Professions use collegiality as a means of obtaining agreement on common goals and encouraging compliance with them.39 The peer pressure of respected role models remains an enormously powerful tool. Conversely, the destructive effects of role models who fail to meet acceptable standards can be equally strong.29,30,40 To be effective, it seems axiomatic that role models must understand and be able to articulate the roles and values that they are expected to demonstrate. To us, this was the most cogent argument for creating and implementing a faculty development program designed to promote the teaching and evaluation of professionalism. In addition, we hoped that it would positively influence both the informal and hidden curricula9,10 by promoting self-reflection in faculty members and sending a strong message that professionalism is important.
The Context for Change
The Faculty of Medicine at McGill University offers a four-year, integrated, systems-based undergraduate program. In 1996, the first formal session on professionalism was presented to second-year students. It immediately became apparent that the subject was too important, and too complex, to be covered in a single lecture; however, there was little faculty awareness of professionalism, and few faculty members were knowledgeable enough to participate in an expanded teaching program. It was therefore decided that a comprehensive and systematic faculty development initiative was needed to promote faculty “buy-in,” to develop consensus on educational goals and content, and to train faculty members to teach and evaluate professionalism more effectively. A working group was also established by the dean of medicine to examine how we could more systematically teach the role of healer, a concept that is included in the word professional by most other faculties of medicine. This working group relied on local expertise,41,42 a visiting professor who had written extensively on healing,42,43 and the participation of the associate deans responsible for faculty development and undergraduate medical education, so that faculty development could support the teaching and evaluation of both endeavors.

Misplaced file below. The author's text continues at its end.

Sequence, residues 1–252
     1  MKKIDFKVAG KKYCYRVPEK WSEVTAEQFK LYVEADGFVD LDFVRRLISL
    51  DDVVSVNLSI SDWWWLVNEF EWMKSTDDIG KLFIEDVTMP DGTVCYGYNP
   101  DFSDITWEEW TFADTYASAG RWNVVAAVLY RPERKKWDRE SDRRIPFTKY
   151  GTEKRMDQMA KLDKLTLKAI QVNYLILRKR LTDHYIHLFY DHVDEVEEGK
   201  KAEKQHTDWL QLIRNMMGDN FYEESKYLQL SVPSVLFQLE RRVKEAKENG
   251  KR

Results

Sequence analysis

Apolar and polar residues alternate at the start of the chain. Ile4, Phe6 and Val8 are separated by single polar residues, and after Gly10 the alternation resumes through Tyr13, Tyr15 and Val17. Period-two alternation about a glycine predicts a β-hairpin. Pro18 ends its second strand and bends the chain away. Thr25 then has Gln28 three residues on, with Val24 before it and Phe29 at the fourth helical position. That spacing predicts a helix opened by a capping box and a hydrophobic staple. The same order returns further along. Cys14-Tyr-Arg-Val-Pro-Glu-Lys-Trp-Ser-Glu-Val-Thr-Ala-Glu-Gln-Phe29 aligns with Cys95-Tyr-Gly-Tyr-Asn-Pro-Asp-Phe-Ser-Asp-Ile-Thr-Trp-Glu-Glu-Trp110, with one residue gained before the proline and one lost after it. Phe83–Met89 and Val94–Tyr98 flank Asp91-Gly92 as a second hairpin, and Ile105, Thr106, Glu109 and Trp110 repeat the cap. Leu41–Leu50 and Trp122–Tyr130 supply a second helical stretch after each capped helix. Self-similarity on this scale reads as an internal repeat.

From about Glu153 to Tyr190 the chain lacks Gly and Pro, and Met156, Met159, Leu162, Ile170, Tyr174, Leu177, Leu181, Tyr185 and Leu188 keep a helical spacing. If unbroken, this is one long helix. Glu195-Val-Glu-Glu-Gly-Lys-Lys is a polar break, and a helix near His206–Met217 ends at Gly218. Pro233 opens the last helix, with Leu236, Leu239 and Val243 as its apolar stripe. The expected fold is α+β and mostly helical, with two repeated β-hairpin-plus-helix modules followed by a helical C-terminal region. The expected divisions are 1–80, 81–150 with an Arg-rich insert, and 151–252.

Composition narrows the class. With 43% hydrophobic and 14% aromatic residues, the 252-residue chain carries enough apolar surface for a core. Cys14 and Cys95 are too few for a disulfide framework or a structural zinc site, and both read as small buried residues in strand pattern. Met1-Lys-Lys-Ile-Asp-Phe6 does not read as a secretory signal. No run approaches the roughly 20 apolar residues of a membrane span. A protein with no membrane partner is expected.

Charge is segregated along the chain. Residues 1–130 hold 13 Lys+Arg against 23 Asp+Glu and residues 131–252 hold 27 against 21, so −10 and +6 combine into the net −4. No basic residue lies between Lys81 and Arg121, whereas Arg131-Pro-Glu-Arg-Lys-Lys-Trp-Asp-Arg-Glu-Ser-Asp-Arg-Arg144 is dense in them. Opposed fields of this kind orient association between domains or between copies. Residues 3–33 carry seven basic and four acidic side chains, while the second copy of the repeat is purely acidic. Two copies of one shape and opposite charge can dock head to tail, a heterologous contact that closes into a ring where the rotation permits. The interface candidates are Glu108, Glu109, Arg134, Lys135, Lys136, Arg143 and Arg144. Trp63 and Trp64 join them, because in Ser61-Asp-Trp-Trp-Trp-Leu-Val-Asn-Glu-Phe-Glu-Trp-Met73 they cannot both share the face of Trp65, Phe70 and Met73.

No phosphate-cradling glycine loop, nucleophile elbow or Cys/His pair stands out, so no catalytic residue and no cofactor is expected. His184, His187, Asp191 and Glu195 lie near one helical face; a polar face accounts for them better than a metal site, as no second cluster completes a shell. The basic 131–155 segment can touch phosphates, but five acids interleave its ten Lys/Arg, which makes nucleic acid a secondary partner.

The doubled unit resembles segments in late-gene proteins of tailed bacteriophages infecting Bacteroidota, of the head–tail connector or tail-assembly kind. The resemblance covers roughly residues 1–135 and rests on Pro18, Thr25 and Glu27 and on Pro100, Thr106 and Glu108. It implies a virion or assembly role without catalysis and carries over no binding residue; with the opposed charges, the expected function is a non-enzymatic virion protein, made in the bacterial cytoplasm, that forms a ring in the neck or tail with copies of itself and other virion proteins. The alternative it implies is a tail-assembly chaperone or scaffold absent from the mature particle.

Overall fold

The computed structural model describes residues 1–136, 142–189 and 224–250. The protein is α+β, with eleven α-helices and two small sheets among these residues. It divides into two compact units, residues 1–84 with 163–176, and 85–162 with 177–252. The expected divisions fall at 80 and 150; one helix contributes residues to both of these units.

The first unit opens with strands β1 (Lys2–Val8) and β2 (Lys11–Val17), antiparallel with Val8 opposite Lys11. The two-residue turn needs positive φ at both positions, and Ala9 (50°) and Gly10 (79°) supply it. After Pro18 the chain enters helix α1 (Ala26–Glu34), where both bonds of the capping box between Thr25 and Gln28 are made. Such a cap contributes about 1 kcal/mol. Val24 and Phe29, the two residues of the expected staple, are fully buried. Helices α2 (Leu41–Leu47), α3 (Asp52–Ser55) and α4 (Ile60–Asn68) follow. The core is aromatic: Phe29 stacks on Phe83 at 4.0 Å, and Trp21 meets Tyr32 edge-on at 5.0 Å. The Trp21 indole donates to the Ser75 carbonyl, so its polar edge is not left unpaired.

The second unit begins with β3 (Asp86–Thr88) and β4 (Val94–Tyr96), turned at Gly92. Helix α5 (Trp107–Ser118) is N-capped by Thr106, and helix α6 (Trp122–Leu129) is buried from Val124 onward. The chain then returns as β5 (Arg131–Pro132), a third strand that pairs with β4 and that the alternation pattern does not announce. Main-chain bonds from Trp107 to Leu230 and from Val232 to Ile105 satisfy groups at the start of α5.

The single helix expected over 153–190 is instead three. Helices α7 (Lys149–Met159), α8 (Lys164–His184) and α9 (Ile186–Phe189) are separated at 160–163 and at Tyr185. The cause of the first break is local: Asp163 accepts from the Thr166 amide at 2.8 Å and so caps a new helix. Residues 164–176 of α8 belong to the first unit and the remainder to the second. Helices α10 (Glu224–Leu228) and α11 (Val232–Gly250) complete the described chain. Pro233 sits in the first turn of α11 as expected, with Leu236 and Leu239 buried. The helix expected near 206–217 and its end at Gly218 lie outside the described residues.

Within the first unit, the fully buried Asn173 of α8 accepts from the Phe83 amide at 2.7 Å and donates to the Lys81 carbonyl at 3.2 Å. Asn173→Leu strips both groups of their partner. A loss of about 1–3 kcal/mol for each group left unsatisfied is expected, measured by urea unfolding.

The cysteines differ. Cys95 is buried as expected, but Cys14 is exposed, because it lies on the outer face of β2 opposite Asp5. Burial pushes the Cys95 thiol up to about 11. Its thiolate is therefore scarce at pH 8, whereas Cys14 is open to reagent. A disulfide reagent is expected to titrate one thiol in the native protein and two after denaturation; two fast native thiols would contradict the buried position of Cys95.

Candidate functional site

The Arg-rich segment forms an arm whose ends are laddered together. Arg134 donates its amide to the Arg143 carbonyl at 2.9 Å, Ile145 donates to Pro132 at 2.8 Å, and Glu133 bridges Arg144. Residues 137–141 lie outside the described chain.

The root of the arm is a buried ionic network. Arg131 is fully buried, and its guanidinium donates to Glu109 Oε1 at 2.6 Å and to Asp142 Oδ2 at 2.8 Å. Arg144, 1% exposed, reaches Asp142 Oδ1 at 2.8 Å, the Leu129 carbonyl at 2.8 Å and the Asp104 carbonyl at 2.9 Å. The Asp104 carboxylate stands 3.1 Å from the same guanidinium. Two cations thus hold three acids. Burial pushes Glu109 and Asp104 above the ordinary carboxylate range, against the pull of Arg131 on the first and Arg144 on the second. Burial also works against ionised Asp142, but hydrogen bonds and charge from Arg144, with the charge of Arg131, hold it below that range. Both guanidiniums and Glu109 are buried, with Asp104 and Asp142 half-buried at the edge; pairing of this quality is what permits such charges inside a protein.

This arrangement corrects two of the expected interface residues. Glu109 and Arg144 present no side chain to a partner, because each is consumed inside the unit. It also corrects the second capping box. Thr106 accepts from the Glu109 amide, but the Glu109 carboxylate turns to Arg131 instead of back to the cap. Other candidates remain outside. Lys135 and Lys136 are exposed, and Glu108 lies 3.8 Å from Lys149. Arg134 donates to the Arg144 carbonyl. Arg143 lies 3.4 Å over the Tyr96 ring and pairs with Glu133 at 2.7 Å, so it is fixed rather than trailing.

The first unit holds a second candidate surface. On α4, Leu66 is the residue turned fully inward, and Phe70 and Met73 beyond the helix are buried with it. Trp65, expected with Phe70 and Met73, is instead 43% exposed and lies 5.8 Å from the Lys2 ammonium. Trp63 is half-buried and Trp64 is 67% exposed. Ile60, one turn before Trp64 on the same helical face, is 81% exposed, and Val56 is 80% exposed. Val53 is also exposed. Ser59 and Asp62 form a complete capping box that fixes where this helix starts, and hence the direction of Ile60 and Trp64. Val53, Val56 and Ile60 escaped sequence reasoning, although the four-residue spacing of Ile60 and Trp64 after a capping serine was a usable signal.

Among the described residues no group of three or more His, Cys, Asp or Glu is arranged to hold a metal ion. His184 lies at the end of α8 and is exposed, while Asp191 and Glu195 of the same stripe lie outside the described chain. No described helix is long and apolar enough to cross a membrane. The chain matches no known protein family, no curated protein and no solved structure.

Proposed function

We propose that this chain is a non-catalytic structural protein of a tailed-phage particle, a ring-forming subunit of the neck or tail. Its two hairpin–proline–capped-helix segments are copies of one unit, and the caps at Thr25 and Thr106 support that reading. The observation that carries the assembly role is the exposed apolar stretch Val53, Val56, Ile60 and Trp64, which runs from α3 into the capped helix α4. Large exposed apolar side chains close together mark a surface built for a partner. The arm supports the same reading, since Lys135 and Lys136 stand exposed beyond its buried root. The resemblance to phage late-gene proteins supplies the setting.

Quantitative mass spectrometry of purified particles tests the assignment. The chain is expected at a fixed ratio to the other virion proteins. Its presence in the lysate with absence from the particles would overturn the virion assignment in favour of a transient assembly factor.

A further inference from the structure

Faculty Development as an Example of “Leading Change”
The faculty development program designed to enhance the teaching and evaluation of professionalism at McGill University has been described previously.44 For the purpose of this case study, we have decided to analyze what we have done since 1997 and how our program served as a catalyst in the process of undergraduate curricular change, using Kotter’s model for leading change.7,8 Although we did not use the Kotter model in planning this faculty development program, we soon realized that we had followed the steps recommended by Kotter for transforming organizations.8 We believe that this approach is particularly useful in helping to understand the role of faculty development in the process of change, and that it, and McGill’s experience, could be instructive to others as they consider curricular change and renewal.
Below, we explain Kotter’s model and the eight steps he recommends for transforming organizations.
Establish a sense of urgency